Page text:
623 Evaluating Training of Oral Physicians

Friday, March 23, 2012: 8 a.m. - 9:30 a.m.
Presentation Type: Oral Session
D. GIDDON1, R. HERTZMAN-MILLER2, J. OUTLAW1, N. JAYARATNE3, and B. SWANN4, 1Harvard School of Dental Medicine, Boston, MA, 2Department of Medicine, Cambridge Health Alliance, Cambridge, MA, 3Harvard Medical School, Boston, MA, 4Harvard School of Dental Medicine, Somerville, MA

To demonstrate the efficacy of training general practice dental residents (GPDRs) to become oral physicians (OPs) providing limited preventive primary care.


Program evaluation included:  residents’ knowledge and skills, and  patient and physician attitudes towards OPs and primary care. Nineteen residents from Harvard-affiliated Cambridge Health Alliance (CHA) and Brigham and Women’s (BWH) hospitals participated. The GPDR-OP curriculum includes physical diagnosis, interviewing skills, and Pediatrics, Internal Medicine, Anesthesiology, Oral Surgery, and Emergency Medicine. Evaluation consisted of standardized faculty assessment of knowledge and performance; GPDR-OP objective tests of primary care medical knowledge; and qualitative analysis of videotaped interviews of patient-doctor interaction with trained patients. Attitudes and beliefs of patients being treated by the GPDR-OPs were compared with those of patients treated by staff dentists.  Medical faculty, dental staff, and GPDR-OPs themselves also evaluated the program.   As a research training exercise, GPDR-OPs presented an OP-related literature review.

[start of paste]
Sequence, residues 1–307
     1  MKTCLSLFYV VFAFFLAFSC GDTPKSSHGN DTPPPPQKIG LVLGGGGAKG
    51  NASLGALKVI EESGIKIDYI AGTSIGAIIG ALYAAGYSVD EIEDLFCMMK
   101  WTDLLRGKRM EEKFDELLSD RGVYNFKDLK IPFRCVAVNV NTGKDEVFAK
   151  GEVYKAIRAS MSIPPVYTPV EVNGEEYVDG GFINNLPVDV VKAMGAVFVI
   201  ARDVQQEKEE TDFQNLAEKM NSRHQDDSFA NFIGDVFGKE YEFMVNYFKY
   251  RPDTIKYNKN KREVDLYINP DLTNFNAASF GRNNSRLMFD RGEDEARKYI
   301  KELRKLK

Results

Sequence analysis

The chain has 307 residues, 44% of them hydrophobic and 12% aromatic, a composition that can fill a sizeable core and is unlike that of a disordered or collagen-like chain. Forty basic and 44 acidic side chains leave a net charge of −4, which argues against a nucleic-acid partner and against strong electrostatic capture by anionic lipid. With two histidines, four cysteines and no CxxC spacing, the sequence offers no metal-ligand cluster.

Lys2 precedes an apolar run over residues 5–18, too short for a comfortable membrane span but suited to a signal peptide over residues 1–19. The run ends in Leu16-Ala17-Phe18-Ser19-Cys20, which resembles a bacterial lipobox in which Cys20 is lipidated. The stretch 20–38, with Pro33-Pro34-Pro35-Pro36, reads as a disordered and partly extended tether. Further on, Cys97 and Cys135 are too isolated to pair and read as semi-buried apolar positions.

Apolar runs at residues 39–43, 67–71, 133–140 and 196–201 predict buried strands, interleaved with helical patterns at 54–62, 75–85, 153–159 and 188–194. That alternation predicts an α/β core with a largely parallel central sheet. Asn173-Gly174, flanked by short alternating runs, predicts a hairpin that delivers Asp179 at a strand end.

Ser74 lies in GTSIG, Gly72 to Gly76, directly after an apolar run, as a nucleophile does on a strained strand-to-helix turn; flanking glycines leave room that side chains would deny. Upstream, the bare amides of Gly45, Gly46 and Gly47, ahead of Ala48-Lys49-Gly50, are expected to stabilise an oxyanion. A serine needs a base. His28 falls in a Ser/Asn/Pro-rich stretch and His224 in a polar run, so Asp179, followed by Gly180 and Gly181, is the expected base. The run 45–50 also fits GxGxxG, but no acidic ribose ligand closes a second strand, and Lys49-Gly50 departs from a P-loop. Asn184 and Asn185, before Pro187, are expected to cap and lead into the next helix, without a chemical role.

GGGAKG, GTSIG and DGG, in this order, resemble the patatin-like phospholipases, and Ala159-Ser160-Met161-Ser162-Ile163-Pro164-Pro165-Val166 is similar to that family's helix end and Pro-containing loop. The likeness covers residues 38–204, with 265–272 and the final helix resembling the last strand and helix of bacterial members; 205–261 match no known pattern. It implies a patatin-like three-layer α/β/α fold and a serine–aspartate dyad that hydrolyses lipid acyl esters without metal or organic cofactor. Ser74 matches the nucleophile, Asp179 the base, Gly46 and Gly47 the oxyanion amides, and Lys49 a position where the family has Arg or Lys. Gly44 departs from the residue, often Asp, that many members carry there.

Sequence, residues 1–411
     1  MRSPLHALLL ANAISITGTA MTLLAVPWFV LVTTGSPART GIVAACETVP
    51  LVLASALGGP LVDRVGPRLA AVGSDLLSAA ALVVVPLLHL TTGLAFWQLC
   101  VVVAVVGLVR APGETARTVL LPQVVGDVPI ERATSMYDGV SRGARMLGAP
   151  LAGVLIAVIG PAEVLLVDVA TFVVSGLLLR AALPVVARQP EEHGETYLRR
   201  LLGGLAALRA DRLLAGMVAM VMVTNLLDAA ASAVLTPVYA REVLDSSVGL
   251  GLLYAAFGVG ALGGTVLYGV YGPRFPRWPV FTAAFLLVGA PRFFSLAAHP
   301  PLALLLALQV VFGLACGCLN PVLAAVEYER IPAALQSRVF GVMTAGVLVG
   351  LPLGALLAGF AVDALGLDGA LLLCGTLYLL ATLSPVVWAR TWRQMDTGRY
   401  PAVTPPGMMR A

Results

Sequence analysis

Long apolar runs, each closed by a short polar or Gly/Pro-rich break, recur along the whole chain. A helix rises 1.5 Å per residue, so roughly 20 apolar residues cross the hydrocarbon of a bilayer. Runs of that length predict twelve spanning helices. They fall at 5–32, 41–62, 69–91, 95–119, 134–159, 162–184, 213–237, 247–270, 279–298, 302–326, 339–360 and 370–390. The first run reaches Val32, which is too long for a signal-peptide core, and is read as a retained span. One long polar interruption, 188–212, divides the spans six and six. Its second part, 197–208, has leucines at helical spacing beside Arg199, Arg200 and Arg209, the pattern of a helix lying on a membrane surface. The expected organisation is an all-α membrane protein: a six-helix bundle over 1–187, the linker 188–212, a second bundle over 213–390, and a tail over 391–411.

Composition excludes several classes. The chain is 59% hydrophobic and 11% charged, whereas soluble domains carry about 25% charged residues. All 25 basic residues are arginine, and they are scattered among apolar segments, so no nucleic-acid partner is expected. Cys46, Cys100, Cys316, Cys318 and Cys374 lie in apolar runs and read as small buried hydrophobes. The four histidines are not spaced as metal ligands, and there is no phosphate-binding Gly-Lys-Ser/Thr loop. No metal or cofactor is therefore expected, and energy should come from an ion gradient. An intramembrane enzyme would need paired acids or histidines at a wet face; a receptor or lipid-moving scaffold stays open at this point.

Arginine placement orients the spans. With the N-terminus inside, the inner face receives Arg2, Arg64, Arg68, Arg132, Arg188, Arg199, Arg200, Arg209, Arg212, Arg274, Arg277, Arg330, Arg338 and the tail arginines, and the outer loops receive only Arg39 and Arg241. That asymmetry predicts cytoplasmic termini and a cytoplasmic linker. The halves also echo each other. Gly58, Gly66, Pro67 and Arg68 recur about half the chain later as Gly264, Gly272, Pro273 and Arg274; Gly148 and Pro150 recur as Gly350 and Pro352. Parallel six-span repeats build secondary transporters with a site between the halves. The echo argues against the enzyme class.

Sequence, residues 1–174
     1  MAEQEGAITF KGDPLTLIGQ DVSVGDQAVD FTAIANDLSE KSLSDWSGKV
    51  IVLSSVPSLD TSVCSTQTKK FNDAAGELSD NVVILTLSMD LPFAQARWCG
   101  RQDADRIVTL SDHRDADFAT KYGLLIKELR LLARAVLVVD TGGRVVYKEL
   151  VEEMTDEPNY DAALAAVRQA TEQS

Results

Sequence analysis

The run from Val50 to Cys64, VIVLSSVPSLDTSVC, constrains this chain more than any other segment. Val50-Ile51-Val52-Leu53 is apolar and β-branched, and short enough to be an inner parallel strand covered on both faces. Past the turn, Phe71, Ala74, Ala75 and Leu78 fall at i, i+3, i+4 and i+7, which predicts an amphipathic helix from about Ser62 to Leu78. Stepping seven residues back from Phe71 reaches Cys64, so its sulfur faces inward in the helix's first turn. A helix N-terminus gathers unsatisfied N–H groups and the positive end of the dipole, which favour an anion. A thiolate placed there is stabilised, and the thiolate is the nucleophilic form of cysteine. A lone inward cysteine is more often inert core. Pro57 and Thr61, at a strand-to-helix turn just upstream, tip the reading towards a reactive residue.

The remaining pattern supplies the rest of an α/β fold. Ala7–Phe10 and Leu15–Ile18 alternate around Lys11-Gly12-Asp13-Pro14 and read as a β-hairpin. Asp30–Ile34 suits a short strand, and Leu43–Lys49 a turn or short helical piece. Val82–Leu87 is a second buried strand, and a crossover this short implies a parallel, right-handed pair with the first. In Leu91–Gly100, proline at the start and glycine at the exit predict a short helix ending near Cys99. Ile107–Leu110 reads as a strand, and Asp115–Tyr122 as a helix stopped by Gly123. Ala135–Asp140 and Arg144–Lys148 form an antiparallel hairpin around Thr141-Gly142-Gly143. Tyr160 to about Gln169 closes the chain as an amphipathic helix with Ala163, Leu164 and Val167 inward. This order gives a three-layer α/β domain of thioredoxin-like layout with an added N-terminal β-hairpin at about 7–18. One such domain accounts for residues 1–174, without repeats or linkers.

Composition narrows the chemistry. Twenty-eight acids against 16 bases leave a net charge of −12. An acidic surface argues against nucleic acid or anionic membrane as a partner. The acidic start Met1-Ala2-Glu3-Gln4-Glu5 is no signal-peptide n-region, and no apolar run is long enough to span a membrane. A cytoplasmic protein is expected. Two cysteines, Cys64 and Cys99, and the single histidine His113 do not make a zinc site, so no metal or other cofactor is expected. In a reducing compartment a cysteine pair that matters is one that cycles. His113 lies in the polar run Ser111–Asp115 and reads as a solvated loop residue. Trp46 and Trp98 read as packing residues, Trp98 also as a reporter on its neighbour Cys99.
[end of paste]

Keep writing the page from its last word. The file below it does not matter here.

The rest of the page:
GPDR-OPs’ pre-test to post-test scores of medical knowledge increased an average of 32.0%. The pre-training medical knowledge scores of the CHA GPDR-OPs’ tests in 2010 were 13.1% lower than BWH GPDRs, with no difference between pre-test scores in 2011. Post-test scores for BWH were not available.  Unfortunately medical knowledge was not included in the selection of OP residents.  Interviewing skills markedly improved, including the discussion of sensitive information not usually the province of dentists.  


Training GPDR-OPs in a one-year program to include limited preventive primary care has been successfully demonstrated, together with increasing physician awareness of the importance of oral to overall health. With few exceptions, teaching physical diagnosis to dental residents should be at a level similar to that of a second-year medical student.  The acceptance by health care providers and patients of dentists as OPs providing limited preventive primary care including medical screening continues to be a surmountable challenge.

This abstract is based on research that was funded entirely or partially by an outside source: Milton Fund of Harvard University

Keywords: Delivery systems, Education research, Health services research and Teaching